Riparian forest habitats are a substantial part of the river
ecosystem. Sadly, around 90% of these zones have been lost in the past century
due to human intervention. DANUBEparksCONNECTED aims to restore riparian
forests by detecting gaps in the riparian forest corridor for conservation or restoration
measures. Such reforestation activities can mitigate climate change
significantly by raising the carbon storage capacity of the Danube riparian zones.
Danube Riparian Forest Fitness Check
To determine the current status of riparian forests as
habitat corridors throughout the Danube, a Riparian Forest Fitness Check was
carried out, based on satellite data from the Copernicus Land Monitoring
Services, a unique dataset on riparian zones. The GIS data was analysed based
on factors such as the size of forest complexes and fragmentation, as well as
habitat typology. Built upon the Fitness Check, a roadmap towards a Riparian
Forest Corridor was jointly developed.
Testing and demonstrating the Riparian Forest Corridor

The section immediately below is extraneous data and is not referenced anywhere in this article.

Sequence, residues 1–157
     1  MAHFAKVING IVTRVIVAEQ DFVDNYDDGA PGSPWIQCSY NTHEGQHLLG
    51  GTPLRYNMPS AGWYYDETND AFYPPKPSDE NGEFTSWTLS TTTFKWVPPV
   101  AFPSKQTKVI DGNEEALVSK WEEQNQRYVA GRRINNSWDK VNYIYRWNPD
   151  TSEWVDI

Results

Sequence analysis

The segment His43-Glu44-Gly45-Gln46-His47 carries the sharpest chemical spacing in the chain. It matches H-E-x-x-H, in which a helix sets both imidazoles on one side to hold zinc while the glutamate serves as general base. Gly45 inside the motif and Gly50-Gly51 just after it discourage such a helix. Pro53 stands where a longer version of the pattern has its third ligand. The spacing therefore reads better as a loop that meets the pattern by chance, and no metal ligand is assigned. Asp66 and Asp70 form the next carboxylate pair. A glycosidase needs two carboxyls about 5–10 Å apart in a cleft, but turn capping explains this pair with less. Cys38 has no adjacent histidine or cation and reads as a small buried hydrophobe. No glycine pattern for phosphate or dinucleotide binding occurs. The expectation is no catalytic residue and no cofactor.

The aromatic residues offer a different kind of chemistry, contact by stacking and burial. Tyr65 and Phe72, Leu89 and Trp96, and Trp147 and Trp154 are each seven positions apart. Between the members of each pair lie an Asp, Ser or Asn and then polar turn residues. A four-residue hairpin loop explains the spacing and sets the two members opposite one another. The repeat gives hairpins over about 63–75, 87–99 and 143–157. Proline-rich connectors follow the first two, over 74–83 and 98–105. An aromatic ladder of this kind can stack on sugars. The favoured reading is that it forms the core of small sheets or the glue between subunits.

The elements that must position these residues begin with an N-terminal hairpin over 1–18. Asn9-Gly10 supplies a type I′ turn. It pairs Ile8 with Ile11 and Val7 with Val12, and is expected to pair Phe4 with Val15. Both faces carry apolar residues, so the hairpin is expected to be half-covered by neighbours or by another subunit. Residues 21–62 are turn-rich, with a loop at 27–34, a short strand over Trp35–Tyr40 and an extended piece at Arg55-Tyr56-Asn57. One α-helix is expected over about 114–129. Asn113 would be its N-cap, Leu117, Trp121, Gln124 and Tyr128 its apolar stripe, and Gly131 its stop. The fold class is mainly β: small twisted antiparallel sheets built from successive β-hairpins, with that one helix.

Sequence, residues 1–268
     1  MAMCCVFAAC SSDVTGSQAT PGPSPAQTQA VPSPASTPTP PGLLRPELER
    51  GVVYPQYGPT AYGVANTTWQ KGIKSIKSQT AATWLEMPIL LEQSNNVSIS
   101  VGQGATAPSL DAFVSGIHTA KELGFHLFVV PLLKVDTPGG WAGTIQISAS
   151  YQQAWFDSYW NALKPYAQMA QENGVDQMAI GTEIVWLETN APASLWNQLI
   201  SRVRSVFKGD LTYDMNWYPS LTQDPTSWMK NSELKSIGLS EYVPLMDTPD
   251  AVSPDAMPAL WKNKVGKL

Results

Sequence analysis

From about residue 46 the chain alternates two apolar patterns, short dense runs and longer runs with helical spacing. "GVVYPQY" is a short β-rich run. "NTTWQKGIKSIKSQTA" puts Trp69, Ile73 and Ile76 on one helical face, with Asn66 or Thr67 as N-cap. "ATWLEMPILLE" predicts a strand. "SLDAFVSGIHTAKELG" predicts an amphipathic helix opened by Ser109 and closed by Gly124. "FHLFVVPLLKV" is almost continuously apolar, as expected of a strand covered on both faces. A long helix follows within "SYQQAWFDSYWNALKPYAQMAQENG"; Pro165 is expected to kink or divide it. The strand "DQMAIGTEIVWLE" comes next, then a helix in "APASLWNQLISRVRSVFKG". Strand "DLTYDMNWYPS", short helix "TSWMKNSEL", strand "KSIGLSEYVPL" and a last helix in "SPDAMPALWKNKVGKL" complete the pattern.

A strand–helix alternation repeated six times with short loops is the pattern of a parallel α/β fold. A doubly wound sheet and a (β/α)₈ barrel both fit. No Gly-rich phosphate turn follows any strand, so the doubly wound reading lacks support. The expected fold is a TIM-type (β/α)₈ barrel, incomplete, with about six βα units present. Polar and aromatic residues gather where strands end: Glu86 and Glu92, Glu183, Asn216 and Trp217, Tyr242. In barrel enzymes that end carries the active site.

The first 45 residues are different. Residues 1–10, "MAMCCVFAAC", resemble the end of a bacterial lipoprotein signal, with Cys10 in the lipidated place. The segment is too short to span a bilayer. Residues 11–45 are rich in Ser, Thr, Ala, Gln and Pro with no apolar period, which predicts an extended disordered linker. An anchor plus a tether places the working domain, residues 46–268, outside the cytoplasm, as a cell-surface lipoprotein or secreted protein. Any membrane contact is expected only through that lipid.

In Slovakia, Hungary and Serbia, as well as in Bulgaria and
Romania, much focus was put on the reforestation of gap areas in-between intact
forest complexes with domestic species, the conversion of plantations used by
intense forestry into native stands, and the management of invasive alien tree species.
Diverse and productive riparian forests are of outstanding
importance for bat conservation, as they prefer habitats of old growth forests.
To put the results of the Riparian Forest Fitness Check to the test, a survey
of bats as indicator species was conducted in the Upper, Middle and Lower Danube,
examining about 100 sampling sites. Outstanding results show that Protected
Areas house an abundance of species of great significance.
The survey also indicates that 10-20 m3 of standing dead and
hollow trees per hectare are recommended for a healthy riparian forest habitat.
A deep-rooted strategy
The protection of Riparian Forests requires strong cross-sector
cooperation. Three study visits in the Upper, Middle, and Lower Danube brought Protected
Areas and forest enterprises together.
These study visits presented a good opportunity to discuss
pilot actions, demonstrate good practice projects, and plan follow-up activities
regarding the Riparian Forest Corridor.